Other Fertility Demonstrations
In the early part of the 1989 growing season, symptoms of potassium deficiency were evident in many ridge-tillage fields in Iowa. The same phenomenon was reported by extension workers in Minnesota who examined ridge-till fields in that state. By late summer, most crops had grown out of the flamed leaf borders and irregular size that marked the fields in June. Still, there is some concern that yields were affected
Why does this problem occur, and what can be done about it? Soil scientists around the midwest have offered several partial explanations to the first question. The problem appears to be worse in dry years and in reduced tillage systems. In reduced tillage, potassium leaching from the residue of the previous crop remains close to the soil surface instead of being stirred back into the tillage layer of soil. The same is true for broadcast applications of potassium. In dry conditions, crop roots do not grow well in this surface soil, and potassium ions are also less able to diffuse through the soil to the roots.
Some researchers around the midwest have seen evidence that crops in reduced tillage respond more strongly to band applications of potassium than they do to broadcast treatments. This is corroborated by PFI cooperator Richard Thompson, who ridge-tills. If the goal is to place the nutrient where the plant can get it, then where, exactly, is that? The answers may depend on a number of factors, including the weather, but cooperators have turned their attention to the problem.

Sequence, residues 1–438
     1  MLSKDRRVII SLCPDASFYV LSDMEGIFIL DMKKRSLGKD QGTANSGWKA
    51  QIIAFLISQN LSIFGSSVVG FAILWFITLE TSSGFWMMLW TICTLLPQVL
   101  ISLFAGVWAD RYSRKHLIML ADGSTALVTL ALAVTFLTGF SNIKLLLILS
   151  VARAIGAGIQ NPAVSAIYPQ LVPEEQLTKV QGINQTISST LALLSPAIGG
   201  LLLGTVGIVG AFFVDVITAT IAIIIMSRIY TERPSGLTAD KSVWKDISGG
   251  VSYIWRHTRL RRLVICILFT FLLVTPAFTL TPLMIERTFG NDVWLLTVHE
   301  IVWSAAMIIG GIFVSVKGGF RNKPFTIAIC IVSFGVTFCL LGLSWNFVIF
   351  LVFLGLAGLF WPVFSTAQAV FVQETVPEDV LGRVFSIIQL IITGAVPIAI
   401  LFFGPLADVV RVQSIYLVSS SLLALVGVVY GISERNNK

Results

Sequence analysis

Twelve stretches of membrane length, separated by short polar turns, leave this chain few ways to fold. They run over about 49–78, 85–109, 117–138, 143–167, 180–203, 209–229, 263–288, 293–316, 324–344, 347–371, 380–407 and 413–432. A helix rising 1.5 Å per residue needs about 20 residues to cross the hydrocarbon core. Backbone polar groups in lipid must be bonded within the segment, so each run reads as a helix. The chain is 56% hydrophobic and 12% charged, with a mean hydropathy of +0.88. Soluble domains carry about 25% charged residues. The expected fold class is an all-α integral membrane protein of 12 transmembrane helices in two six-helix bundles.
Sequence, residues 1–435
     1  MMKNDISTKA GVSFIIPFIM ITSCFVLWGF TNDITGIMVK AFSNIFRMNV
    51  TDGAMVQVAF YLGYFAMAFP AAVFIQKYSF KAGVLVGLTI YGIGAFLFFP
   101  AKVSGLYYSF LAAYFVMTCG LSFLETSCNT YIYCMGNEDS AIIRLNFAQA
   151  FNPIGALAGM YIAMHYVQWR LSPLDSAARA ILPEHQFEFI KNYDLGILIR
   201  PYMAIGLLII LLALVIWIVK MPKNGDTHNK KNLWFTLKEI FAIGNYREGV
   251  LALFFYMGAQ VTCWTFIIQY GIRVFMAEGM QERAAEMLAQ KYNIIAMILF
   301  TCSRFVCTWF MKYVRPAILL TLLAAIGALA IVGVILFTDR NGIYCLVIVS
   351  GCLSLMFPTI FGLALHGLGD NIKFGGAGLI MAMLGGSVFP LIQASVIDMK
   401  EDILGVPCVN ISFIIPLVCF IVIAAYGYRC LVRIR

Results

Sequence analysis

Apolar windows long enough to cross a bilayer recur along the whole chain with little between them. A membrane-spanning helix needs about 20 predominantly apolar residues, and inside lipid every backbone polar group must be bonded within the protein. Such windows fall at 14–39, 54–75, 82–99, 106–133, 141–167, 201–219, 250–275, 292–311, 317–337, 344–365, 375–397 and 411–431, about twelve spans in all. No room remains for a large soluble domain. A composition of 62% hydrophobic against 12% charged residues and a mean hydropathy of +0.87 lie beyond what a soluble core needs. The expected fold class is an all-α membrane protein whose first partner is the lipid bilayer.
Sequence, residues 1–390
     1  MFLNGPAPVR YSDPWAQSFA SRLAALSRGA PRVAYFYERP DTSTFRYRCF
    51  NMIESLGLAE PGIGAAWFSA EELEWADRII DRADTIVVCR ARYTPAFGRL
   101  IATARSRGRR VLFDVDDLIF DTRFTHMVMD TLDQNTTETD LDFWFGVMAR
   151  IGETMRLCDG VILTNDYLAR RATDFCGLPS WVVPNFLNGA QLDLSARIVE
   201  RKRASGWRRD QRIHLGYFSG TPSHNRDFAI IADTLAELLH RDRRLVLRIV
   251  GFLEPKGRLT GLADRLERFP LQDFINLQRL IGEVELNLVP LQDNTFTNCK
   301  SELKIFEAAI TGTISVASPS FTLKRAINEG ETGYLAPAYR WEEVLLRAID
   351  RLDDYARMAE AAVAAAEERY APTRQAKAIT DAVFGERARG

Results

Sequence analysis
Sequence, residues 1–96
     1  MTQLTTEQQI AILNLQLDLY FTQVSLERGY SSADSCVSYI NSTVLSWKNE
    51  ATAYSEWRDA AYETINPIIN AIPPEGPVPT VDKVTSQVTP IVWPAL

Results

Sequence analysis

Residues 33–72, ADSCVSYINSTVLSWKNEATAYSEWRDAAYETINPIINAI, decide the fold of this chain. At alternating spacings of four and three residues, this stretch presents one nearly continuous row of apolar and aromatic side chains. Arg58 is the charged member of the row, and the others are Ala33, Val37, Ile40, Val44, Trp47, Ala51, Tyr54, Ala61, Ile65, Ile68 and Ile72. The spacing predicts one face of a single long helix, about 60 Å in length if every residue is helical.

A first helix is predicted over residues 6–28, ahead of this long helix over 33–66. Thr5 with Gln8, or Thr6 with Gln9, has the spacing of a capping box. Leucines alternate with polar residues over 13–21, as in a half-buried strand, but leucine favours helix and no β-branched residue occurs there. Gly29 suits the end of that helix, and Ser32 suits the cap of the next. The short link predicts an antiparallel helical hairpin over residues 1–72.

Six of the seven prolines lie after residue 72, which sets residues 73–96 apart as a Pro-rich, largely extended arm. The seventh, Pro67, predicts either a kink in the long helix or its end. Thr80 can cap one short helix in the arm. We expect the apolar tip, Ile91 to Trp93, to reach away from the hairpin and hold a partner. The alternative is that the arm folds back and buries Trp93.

In 1989, several cooperators compared rates or placement locations for P and K fertilizers. The trial results appear in Tables 3a and 3b. In one of eight trials was there a significant yield increase from the added fertilizer, and in one there was a decrease. Additional on-farm trials in succeeding years will be needed to refine these practices.
Three cooperators carried out field trials that directly involved livestock manure. These are shown in Table 4. The table gives the nitrogen applied as estimates of N available in the year of application. The exception is the comparison of manure and compost, conducted by Ron Rosmann, for which total N content of these two materials is estimated. The table also shows leaf nitrogen content (as percent) and crop yield for the two treatments in each trial. “Manure Only $ Benefit” is the financial advantage associated with the manure treatment. The () means that this return was negative, so the manure treatment had a lower return than the alternative. Positive numbers here indicate that the “manure only” treatment made more money than the “additional input” system.
The Dordt College Ag Stewardship Center injected dairy manure with and without DCD, a material which stabilizes the nitrogen. Corn yields were good both with the treated manure and the untreated, and leaf nitrogen was uniformly in the range that would be considered adequate. If additional N was made available by the treatment, it may have been unneeded by the crop.
Ron Rosmann grew corn with manure and with compost containing similar amounts of total nitrogen, in the third year of a comparison between those two amendments. In 1989, compost-treated corn yielded significantly less than the manured corn. Leaf nitrogen would appear to have been adequate in both treatments.
Dick Svoboda compared manure and UAN in 1989. The total nitrogen applied in the two treatments was similar, but only a fraction of the nitrogen in the manure was available to the crop. The corn that received the manure yielded significantly less than the corn that was fertilized with synthetic N. Judging from the leaf tissue results, nitrogen may have been limiting in both treatments. Under those conditions, the UAN would have fed the crop in a more timely fashion than the manure.